This really made me think about a subject that we might not always think about as much as we should. Thought it would be good for everybody to get to read so we can always be trying to welcome visitors more effectively, even in the Covid era.
Picture this: A man and his wife visit our assembly because of a personal invitation or merely because they noticed our building and are shopping around for a church. This could be their only visit. What should they (and every visitor) know after hearing a message from our pulpit? If you imagine yourself as a visitor to your own worship assembly, what do you imagine would be your impression? How could your interest be drawn and what might make you desire to learn and be brought one step closer to salvation?
Actually, worship assemblies of Christians aren’t fundamentally designed to attract visitors, and they shouldn’t be. They are designed by God for His eyes and ears, and for His praise. They are designed for Christians to sing to God and to one another (Eph. 5:19) as they teach and admonish one another. They are designed for a church of Christians to exhort one another (Heb. 10:25), to grow from doctrine, to enjoy fellowship, to eat the Lord’s supper and to pray together (Acts 2:42). Worship is about glory to God and Christian edification. Preaching ought to reflect that purpose.
You may think of some New Testament preaching that was not especially designed for Christians, yet these are not generally examples of Christian worship assemblies. When Paul was in Athens in Acts 17, his sermon was especially fitted for the ears of unbelievers because that’s who was present. The same was true of Stephen’s lesson in Acts 7. But when the church is assembled for worship, that assembly isn’t really geared toward visitors. It’s an assembly of Christians worshiping God in a place where visitors are welcome to come and observe and even to participate in small ways.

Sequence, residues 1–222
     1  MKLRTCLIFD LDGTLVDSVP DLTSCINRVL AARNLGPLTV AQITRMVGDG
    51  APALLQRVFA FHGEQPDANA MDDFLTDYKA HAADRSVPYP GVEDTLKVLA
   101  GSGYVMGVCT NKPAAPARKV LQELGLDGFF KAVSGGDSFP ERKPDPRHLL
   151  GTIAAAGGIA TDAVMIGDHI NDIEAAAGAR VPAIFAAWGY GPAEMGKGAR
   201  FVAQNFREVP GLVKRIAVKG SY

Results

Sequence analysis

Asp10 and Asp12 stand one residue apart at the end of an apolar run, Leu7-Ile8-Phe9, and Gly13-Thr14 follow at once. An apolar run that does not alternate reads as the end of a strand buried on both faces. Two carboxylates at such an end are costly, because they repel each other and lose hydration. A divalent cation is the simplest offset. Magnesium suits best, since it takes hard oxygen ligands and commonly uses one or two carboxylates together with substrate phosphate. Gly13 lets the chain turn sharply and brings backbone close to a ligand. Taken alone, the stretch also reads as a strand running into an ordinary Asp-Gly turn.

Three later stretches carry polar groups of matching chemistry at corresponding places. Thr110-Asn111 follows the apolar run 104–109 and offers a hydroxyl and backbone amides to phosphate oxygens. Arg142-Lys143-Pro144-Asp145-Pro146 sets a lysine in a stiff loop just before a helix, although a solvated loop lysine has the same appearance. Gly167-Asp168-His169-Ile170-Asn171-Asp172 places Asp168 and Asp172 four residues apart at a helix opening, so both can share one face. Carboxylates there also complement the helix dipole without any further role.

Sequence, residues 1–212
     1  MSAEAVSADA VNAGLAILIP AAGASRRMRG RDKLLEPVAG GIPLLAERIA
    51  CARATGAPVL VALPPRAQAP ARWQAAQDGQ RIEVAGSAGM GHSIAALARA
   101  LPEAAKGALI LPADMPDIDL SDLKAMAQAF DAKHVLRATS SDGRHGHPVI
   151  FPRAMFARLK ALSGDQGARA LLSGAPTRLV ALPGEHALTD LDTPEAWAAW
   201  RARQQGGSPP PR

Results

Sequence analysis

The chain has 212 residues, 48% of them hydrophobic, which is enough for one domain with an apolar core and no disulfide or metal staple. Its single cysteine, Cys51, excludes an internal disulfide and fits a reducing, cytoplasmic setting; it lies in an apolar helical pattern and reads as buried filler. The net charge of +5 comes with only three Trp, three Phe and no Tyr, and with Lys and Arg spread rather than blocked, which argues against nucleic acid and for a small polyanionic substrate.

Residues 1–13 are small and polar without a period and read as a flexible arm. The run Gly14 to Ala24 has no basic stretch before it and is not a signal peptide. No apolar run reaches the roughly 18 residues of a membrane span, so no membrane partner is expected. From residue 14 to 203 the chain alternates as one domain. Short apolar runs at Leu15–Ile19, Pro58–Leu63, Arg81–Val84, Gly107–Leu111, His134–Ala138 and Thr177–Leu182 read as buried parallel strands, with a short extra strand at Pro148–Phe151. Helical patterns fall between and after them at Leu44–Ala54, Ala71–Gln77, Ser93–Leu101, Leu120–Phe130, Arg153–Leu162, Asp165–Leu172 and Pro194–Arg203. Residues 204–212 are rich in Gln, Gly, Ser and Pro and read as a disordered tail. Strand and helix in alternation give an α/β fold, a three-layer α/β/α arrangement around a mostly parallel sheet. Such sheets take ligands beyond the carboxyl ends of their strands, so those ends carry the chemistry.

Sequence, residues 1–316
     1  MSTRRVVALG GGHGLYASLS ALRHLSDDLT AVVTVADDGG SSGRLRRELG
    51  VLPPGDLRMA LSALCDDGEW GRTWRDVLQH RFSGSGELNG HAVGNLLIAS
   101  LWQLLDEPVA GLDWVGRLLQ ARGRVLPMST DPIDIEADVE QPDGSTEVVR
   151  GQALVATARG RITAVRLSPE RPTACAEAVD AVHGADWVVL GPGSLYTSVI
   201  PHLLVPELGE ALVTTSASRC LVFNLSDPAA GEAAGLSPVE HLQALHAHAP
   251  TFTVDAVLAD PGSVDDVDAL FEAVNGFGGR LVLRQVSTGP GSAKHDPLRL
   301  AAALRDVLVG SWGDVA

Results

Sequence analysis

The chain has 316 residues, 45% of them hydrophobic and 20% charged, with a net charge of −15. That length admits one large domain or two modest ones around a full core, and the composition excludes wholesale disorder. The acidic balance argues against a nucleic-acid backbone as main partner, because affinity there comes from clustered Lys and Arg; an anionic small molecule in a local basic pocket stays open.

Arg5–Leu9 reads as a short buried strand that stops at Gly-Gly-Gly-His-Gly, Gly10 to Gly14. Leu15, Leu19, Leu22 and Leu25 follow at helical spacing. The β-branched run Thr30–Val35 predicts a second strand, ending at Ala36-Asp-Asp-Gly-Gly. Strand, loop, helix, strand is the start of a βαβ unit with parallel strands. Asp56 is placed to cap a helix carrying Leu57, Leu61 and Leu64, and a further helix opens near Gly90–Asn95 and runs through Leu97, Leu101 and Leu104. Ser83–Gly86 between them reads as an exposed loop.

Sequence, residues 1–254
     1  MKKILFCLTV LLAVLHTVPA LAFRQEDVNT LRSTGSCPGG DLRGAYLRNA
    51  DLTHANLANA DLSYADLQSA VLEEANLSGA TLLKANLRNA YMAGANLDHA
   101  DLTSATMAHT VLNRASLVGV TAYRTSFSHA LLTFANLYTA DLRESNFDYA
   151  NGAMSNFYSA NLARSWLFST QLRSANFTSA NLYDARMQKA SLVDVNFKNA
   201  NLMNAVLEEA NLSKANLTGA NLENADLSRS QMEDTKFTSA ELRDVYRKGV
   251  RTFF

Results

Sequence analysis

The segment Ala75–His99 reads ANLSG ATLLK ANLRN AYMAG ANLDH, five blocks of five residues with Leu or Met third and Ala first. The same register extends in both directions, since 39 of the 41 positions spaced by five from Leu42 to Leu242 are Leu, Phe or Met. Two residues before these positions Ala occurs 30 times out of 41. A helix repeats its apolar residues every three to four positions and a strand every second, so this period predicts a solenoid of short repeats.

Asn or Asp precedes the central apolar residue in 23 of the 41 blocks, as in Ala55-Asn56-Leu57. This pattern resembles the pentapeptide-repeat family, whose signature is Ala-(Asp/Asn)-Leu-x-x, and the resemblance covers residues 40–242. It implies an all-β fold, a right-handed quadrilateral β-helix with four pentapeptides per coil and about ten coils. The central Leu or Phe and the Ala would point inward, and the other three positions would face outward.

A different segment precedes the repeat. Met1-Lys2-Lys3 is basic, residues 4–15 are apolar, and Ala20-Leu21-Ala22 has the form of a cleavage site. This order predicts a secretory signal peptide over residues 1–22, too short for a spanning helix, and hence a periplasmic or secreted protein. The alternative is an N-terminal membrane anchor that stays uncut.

It seems to me that some negative things happen to a church that primarily designs worship around visitors and enticing them to come back. Preaching becomes lighter and is never confrontational. Our shepherding leans less on restoring the fallen and more on Sunday numbers. Our worship makes Christians think more about what appeals to people’s senses and less about what appeals to God’s heart. Our real focus becomes distracted and more about marketing.
Yes, we should invite visitors to our assemblies and encourage them to obey, just as our first century brothers and sisters must have enjoyed doing. Visitors to the assembly are rarely seen in Scripture, but it seems obvious to me that they were sometimes present. It’s just natural for a Christian, privately studying the Bible with an unbeliever, to soon invite him to come and see Christians worship. Paul may have had visitors in mind in 1 Corinthians 14:16 when he worried that the uninformed would not be able to understand or learn truth if speaking in tongues was not regulated. James refers to hypothetical visitors in James 2—one wearing poor-man’s clothes and the other dressed in rich clothing.
Good elders will often consider the typical worship assembly of the church through the eyes of a first-time visitor. We want them to have a positive and pleasant experience which will lead to or enhance a one-on-one study of Scripture. Yet, in the context of what I’ve just written, a visitor is just that; one who recognizes that this is a meeting of people who belong together as a family in a common cause. In essence, he is an outsider, watching and listening to their meeting, and he is welcome.
Here’s what a visitor should never see nor hear:
- An auditorium where the back seats are crowded and the front seats are empty suggesting a resistance, or at least an apathy toward the preaching, instead of an excitement.
- A sea of Christians looking the other way in the foyer and parking lot instead of their smiling faces and hands outstretched to greet and talk with them.
- Gossiping women in the pew, portraying a faith that is repulsive to most people (and to the Lord, 1 Tim. 5:13).
- A preacher who thinks sermons should be in a scolding tone or screaming volume instead of clear, reasoned communication.
- A meeting place that smells musty and unkempt like it’s not used very much, communicating a low value placed on worship.
- A Bible class taught by someone who obviously didn’t prepare a Bible lesson.
- Singing that expresses apathy and prayers which are big on cliches’ and small on heart-felt reverence and faith.
Now back to the matter of preaching. On any given Sunday, a visitor to our worship assembly should observe one or more of these six things in our preaching: